Author of the week: E.L. Doctorow
E.L. Doctorow likes to do things the hard way.
E.L. Doctorow likes to do things the hard way, said Manuel Roig-Franzia in The Washington Post. While he’s working, the 83-year-old author of Ragtime and Billy Bathgate even welcomes the kinds of distractions that give other writers fits. “The important thing is to not be too comfortable,” he says. “Noise in the street? That’s good. The computer goes down? All these things are good. It has to be a little bit of a struggle.” With his latest novel, he’s also ditched the comforts of straightforward storytelling. Andrew’s Brain unfolds as a time-warping conversation between a troubled neuroscientist and a frequently confused interrogator. “I do think this book, more than most, judges its readers,” Doctorow says. “If someone is looking for ordinary formulaic fiction, this is not it.”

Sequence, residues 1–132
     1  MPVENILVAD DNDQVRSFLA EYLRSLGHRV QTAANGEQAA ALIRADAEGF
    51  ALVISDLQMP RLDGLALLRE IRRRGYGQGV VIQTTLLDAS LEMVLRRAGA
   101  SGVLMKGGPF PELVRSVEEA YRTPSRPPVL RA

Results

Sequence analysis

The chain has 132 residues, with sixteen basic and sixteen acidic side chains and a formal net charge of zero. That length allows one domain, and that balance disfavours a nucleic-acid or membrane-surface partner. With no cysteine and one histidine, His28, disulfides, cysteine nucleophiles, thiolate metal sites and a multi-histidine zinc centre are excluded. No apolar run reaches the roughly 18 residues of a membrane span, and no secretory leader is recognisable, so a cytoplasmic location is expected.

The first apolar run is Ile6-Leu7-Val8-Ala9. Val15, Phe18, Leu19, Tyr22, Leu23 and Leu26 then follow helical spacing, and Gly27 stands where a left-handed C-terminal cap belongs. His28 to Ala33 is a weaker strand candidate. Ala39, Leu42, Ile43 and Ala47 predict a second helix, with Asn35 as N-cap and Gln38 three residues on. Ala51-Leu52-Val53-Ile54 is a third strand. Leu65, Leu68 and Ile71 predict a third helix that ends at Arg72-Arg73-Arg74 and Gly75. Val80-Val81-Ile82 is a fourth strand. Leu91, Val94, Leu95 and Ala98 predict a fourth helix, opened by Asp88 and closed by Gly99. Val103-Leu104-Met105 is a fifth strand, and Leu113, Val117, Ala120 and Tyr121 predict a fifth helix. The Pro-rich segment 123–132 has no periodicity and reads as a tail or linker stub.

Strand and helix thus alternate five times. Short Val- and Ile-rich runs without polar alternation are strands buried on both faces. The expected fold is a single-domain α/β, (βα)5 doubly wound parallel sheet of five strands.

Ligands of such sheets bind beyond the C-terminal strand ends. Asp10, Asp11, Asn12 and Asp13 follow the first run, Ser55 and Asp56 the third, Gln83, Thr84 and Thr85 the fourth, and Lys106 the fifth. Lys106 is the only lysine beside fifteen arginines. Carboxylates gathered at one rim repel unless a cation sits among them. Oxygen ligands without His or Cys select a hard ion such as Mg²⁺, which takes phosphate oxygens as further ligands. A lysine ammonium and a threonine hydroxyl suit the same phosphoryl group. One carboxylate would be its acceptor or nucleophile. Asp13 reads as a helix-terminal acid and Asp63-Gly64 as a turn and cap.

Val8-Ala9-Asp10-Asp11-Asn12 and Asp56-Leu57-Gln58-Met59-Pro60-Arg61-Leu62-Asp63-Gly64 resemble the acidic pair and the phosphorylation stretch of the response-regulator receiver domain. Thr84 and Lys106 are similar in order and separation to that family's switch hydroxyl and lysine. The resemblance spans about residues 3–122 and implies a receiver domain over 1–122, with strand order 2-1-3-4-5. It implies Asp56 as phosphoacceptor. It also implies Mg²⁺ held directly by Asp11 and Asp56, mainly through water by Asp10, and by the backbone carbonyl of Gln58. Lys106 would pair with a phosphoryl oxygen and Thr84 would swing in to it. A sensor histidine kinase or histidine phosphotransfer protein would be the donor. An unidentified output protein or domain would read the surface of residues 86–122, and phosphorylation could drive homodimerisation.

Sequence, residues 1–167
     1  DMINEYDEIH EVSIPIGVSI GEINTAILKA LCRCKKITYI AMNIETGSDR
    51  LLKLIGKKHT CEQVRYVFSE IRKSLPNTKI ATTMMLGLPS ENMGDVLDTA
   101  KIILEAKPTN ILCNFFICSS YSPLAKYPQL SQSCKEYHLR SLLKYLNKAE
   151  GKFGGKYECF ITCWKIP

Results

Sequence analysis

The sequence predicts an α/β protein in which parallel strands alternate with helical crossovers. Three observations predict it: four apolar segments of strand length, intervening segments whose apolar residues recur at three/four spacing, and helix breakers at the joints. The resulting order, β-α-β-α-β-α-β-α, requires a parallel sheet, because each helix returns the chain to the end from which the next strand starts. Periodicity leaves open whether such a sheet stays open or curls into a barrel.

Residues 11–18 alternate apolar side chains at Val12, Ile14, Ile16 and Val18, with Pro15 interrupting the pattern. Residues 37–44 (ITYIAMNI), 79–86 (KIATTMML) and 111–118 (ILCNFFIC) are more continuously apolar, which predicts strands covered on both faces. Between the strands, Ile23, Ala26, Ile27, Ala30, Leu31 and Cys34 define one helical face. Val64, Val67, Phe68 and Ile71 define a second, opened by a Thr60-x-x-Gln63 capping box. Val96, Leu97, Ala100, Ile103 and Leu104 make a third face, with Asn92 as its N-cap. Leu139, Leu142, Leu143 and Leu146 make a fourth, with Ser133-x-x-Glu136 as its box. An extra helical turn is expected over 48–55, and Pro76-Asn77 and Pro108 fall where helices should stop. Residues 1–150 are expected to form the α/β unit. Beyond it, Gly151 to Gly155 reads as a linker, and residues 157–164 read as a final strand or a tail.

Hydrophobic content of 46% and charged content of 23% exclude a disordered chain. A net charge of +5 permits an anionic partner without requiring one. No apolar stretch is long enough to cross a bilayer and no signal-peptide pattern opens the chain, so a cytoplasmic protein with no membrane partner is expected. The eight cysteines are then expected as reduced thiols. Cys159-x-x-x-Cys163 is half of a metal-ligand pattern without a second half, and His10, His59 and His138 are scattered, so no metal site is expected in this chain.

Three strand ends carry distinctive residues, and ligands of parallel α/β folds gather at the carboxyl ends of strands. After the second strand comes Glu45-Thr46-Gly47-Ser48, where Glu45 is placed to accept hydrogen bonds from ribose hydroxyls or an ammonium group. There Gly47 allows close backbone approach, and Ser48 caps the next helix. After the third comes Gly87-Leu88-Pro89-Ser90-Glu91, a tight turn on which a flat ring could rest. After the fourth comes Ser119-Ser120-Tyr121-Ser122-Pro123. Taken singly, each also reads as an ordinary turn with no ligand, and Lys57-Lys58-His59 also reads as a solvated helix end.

Andrew’s Brain’s themes are challenging too, said David Wolf in The Observer (U.K.). Ever since he studied philosophy as a Kenyon College undergraduate, Doctorow has been fascinated with questions about cognition that materialists like Andrew can’t answer. Neuroscientists, Doctorow says, still can’t explain “how the brain becomes the mind”—how it generates a sense of individual consciousness. He, for one, hopes that the riddle is never solved and that scientists never manage to replicate human consciousness in a computer. “If that ever happens,” he says, “it’s the end of the mythic world that we’ve lived in since the Bronze Age, with all the stories we’ve told ourselves about what human life is. That could be as much of a disaster as an asteroid hitting the planet.”